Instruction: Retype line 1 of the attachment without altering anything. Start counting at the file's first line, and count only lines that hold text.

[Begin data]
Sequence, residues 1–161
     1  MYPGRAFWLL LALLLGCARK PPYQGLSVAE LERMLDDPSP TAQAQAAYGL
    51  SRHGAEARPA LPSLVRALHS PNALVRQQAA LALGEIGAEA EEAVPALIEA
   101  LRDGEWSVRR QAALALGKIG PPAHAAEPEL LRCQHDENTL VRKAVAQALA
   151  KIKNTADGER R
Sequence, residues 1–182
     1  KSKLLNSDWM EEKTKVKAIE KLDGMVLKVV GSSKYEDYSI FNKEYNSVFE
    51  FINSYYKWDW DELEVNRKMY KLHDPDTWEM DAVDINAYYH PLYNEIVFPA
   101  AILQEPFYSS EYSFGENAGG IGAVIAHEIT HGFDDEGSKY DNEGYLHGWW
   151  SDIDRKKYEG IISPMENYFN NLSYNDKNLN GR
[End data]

Sequence, residues 1–161